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Top Five 2016 NFL Draft Prospects- Center

Updated on January 31, 2016

These guys will be drafted in order to anchor the center of the offensive line. Today I rank the top five center prospects for the upcoming NFL Draft.

Ryan Kelly, C, Alabama
Ryan Kelly, C, Alabama

1. Ryan Kelly, Alabama

Bio: After Rimington Award winner Barrett Jones left for the NFL in 2013, he left big shoes to fill. Ryan Kelly has handled the pressure of being Alabama's center fairly easily. As a senior, he led the way for Heisman Trophy winner Derrick Henry and protected quarterback Jake Coker on the way to the national title game.

Strengths: Smart player with tons of grit and fight. Shows the toughness to scrap it out against nose guards. Fluid mover in space with knee bend and athletic hips. Explodes into downfield blocks with low pad level. Looks to latch and lift at the snap. Rarely penalized over the last two seasons. Diligent off the snap in race to the spot before engaging. Will keep feet moving in order to maintain position. Uses good hand placement and strength. Battles to stay locked onto his block. Finisher who looks to dish out punishment on double team blocks. Helped to blow holes open for the Crimson Tide rush game. Handles twists well in pass rush and able to maintain pocket depth against bull­ rushers. Comes with a pedigree of success and mental toughness. Undisputed leader of a physical Alabama offensive line.

Weaknesses: Could afford to add more mass. Can get overly committed to his securing block and fails to see a linebacker running past him. Needs to work on timing of combo blocks. Occasionally drops head into run block and loses sight of defender. Won using toughness over talent.. Much better drive blocker on an angle. Doesn’t generate nearly as much push when looking up. Could have some issues matching up against larger nose tackles. Shows tendency on zone plays to use wide angles allowing blitzers to sneak past. Plays a little upright on second level, causing some balance issues.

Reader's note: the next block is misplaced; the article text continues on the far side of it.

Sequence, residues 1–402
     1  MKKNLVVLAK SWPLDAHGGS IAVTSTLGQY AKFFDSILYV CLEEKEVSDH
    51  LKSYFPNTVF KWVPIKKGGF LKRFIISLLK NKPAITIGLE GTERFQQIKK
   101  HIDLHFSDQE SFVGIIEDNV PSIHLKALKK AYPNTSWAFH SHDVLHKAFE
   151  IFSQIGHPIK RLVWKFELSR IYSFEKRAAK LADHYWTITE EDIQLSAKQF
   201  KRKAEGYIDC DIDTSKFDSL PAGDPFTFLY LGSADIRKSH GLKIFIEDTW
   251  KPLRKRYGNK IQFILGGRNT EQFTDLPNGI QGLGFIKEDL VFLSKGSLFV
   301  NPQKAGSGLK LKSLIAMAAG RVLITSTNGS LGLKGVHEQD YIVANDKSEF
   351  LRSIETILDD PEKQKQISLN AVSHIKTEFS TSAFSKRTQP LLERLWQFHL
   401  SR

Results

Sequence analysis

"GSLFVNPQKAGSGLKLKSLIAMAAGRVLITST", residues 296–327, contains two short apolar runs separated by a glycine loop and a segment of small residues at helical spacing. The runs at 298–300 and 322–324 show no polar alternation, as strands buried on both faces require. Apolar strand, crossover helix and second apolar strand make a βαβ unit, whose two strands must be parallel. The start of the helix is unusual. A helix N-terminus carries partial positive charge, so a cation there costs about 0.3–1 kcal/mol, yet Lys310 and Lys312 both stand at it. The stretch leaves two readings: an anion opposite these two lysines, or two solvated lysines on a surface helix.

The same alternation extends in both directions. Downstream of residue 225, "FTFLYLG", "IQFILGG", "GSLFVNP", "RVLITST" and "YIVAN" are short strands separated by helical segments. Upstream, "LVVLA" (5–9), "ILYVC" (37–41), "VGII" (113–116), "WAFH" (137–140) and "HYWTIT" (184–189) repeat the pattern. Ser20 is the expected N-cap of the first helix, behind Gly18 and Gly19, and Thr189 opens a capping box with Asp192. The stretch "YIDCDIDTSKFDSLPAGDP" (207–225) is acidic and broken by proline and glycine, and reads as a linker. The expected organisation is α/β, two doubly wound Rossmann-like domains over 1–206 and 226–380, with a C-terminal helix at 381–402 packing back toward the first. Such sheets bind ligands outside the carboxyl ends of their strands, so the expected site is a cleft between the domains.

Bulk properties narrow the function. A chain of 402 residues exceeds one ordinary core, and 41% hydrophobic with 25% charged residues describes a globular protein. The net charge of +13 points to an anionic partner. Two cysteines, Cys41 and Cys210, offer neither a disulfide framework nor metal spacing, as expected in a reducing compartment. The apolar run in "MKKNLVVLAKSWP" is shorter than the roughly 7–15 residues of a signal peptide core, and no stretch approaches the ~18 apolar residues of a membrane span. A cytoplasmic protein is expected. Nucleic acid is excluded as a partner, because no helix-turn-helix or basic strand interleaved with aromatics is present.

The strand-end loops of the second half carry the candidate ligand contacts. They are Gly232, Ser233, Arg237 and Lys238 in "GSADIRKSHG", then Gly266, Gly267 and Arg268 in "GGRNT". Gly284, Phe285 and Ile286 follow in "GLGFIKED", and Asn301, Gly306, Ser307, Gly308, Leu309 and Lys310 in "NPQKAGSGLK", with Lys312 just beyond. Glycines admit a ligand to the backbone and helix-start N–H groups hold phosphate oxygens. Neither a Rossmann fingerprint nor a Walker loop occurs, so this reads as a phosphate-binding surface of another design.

Projected Round: 1-2

Possible landing spot: Jacksonville Jaguars

Jack Allen, C, Michigan State
Jack Allen, C, Michigan State

2. Jack Allen, Michigan State

Bio: A four year starter for the Spartans, Jack Allen brought the toughness and aggression to the Michigan State offense. As a senior, the two time All-American helped Michigan State to two Big Ten titles.

Strengths: Has a compact build with above average core strength. Was a standout wrestler in high school and uses that background to generate quick torques and turns on defensive tackles. Understands his strengths and limitations. Possesses great hand strength and can snatch onto defenders until the whistle blows. Rarely has his hands outside defender’s body. Combines arm extension and good feet to redirect nose tackles away from the quarterback. Tough guy willing to give extra force when he finishes a block. On the move, can adjust tempo to land a squared block. Despite a lack of athleticism, still has plus body control. Hits accurately. Flat­ footed in pass pro.

Weaknesses: Average athleticism and poor flexibility. Can be a little bit stiff in space. Inconsistent in his attempts to climb up to second level off of combo blocks. Will struggle to get cut­off blocks against instinctive middle linebackers who will beat him to the spot. Able to get away with holding more often in college than he will be able to in the NFL. At times, will rely on brute force over physicality. When he has to anchor up against bull ­rushers, he looses balance. Doesn’t have the mass or length for some NFL systems.

Projected Round: 2-3

Possible landing spot: Atlanta Falcons

Max Tuerk, C, USC
Max Tuerk, C, USC

3. Max Tuerk, USC

Bio: In his four years with the Trojans, Max Tuerk played at nearly every spot on the offensive line. As a junior, he was named the All-PAC 12 center.

Strengths: Exceptional athleticism with elite movement skills on the move. Asked to pull for wide sweeps and was frequently downfield leading the charge on screen passes. Natural bender with the ability to play with leverage. Won't over­ commit to secure blocks in running game which allows him to climb to his target consistently. Able to adjust to moving targets. Patient as the play develops. Will allow defender to get to the gap before latching on with a well­ timed punch and snapping hips under him. Refuses to quit on a play. Huge, strong hands that snatch target and allow him to hang against aggressive power players looking to shed. Maintains proper base and can drop down against bull­ rushers. Has played at four of the five spots along the offensive line.